So you want to be a Game Master…
Well now you’ve done it. You friends said that they want to play a role-playing game and you foolishly volunteered yourself to be the Game Master. What were you thinking? You were thinking that the Game master has the most fun weren’t you? Well your right. Being a Game Master means that you get to have days and weeks of fun instead of just a few hours like your friends. You have almost complete control over the entire game. You create the settings and the people the players interact with. You get to come up with sneaky conniving ways to make them lean back in their seats and do their best Keanu impressions. (Whoa!) And best of all, they will never see it coming.
Being a Game Master means being a jack-of-all-trades. Its part rules lawyer, part referee, and part story teller. All of these parts are important and can be learned with time. No one expects you to know all of the rules to the game the first time you sit down to play, or to even know which dice is needed for every single type of roll, but they do expect a story. A great story can make people forget all the rules and draw them into your game faster than a pig to slop. But even great story telling takes practice and time. Your first time up to the screen will not be your best and you may not even feel comfortable until you’ve been there many times. I still get nervous every time I sit behind the screen and I’ve been doing this for years.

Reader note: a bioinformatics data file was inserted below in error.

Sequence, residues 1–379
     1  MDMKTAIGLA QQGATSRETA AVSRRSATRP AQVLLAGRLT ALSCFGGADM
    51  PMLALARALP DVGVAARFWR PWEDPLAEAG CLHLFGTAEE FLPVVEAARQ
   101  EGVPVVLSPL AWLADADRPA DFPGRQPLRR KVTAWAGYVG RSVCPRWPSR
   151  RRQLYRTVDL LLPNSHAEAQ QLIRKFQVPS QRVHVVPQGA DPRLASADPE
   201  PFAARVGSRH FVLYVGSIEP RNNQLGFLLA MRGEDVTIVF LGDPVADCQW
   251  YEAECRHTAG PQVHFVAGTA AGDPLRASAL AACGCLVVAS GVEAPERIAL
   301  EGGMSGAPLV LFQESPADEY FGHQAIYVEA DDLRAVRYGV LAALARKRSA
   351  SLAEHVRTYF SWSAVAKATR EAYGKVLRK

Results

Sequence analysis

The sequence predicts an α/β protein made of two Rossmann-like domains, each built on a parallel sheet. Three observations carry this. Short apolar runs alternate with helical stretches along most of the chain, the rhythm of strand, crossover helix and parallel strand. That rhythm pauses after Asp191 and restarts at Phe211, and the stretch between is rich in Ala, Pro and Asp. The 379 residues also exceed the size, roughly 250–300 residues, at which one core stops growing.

By now your probably wondering where do you begin? The answer is simple, begin with your game. What game are you going to play? It probably has a Game master section or book with it. Start there and read what they have to tell you. This is often a great place to start for basic information as to the setting and even advice on how to run your first game. So games will even give you an adventure that you can run for your group as a “practice” session. (Your players don’t have to know its practice.) This will often give you a good idea of how a game should be laid out and ran. And can even give you a good starting point for your next session.
Same basic advice that I will give you for your first session is know what your group expects. Ask the players what they want to do: How much fighting do they want to do? Do they want to solve puzzles? Do they want to interact with lots of interesting NPCs (Non-player characters)? What kind of action would they like to see? Take this information and decide what will work for you. Remember when your writing out an adventure most times you will get an hour of play out of a page (or less) of notes, sometimes a page will give you less time depending upon your notes. And learn how to wing your way through situations. I suggest reading The GMF Notebook (D&D centric but can be converted to any game with a little work) and The art of winging it articles found in the sidebar. Both of these articles were written by our members and contain some great information for a first time Game Master.
I wish you luck in your en devours as a GM and encourage you to stick with it despite how frustrating things can seem at times. and always have a backup plan because inevitably the players will do something that you did not think of ahead of time and you will have to be prepared for it.